(We aren’t still using “dropped” for “album release”, are we? Because I hate terminology that makes me think of testicles.)
So this week Guns n’ Roses’ long-awaited album Chinese Democracy finally shat and got off the pot; after a wait of about 97 years, 14 different studios, and the loss of the entire original band line-up (with the exception of Axl Rose, who is now almost 50 and these days known more for getting into sissy-boy slapfights with Tommy Hilfiger than for rocking out). Shit son, this album concept is so old that using “Blank n’ Totally Unrelated Blank” for a band name was still cool when it was first proposed.
Rolling Stone gave it 4 out of 5 stars, and Chuck Klosterman raves about it. I listened to it on the bands’ MySpace page, and okay, it doesn’t suck. Although I’m maybe not the best person to review it, because I was never that into metal as a teen (besides ironically doing the Axl Dance to the opening of “Paradise City”, which was required of all members of Generation X) and thought that Rose sounded like a tomcat being neutered without anaesthetic.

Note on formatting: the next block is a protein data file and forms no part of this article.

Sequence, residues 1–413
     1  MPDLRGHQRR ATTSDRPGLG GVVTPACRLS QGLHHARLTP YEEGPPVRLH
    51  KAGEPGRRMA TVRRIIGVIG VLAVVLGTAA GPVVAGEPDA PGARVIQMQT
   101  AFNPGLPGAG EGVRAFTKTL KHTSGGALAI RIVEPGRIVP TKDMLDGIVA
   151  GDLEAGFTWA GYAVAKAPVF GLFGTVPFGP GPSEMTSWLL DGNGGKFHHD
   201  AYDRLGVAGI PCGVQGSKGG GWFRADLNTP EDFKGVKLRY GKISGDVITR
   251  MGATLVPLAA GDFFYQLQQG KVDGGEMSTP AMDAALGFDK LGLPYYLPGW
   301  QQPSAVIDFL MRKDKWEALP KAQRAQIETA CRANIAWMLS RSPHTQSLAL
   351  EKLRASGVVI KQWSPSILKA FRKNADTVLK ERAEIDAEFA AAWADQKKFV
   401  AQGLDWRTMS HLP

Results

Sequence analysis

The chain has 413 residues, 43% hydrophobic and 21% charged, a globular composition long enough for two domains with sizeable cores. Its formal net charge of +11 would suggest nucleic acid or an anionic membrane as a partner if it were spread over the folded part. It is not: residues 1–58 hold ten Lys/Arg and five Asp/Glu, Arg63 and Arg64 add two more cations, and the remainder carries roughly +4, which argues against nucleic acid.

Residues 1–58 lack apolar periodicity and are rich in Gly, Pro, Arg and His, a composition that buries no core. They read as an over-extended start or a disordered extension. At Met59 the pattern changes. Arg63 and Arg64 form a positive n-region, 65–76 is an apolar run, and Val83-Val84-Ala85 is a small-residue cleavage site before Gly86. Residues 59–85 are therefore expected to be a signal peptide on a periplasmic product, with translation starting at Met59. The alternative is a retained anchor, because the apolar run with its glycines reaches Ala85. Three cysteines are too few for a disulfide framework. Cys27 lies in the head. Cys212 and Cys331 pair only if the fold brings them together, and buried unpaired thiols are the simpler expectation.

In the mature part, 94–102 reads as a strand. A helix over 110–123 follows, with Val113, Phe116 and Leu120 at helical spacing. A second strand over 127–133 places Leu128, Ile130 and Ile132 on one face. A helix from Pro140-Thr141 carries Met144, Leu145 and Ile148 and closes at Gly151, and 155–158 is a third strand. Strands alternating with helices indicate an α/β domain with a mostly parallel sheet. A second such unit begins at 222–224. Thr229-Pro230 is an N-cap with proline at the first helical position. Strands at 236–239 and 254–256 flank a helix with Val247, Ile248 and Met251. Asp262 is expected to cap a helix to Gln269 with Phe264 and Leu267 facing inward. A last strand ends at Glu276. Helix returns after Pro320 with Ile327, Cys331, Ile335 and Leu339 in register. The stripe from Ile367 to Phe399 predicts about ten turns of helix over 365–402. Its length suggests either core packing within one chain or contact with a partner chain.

But here’s the thing: Can any album measure up to the years of waiting and hype that preceded Chinese Democracy’s release? The Stone Roses only played this game for a third of the time between the release of their debut and second albums, and it unleashed such a fury of disappointment among fans that British screenwriters are still making jokes about it.
Basically the only way this album wouldn’t have triggered the “meh” response in me is if it was either the most mind-blowingly awesome album of all time; or if it was so bad that it sounded, in the words of our editor Natasha, “like your parents having anal sex”.
At least we can all get a free Dr. Pepper out of it.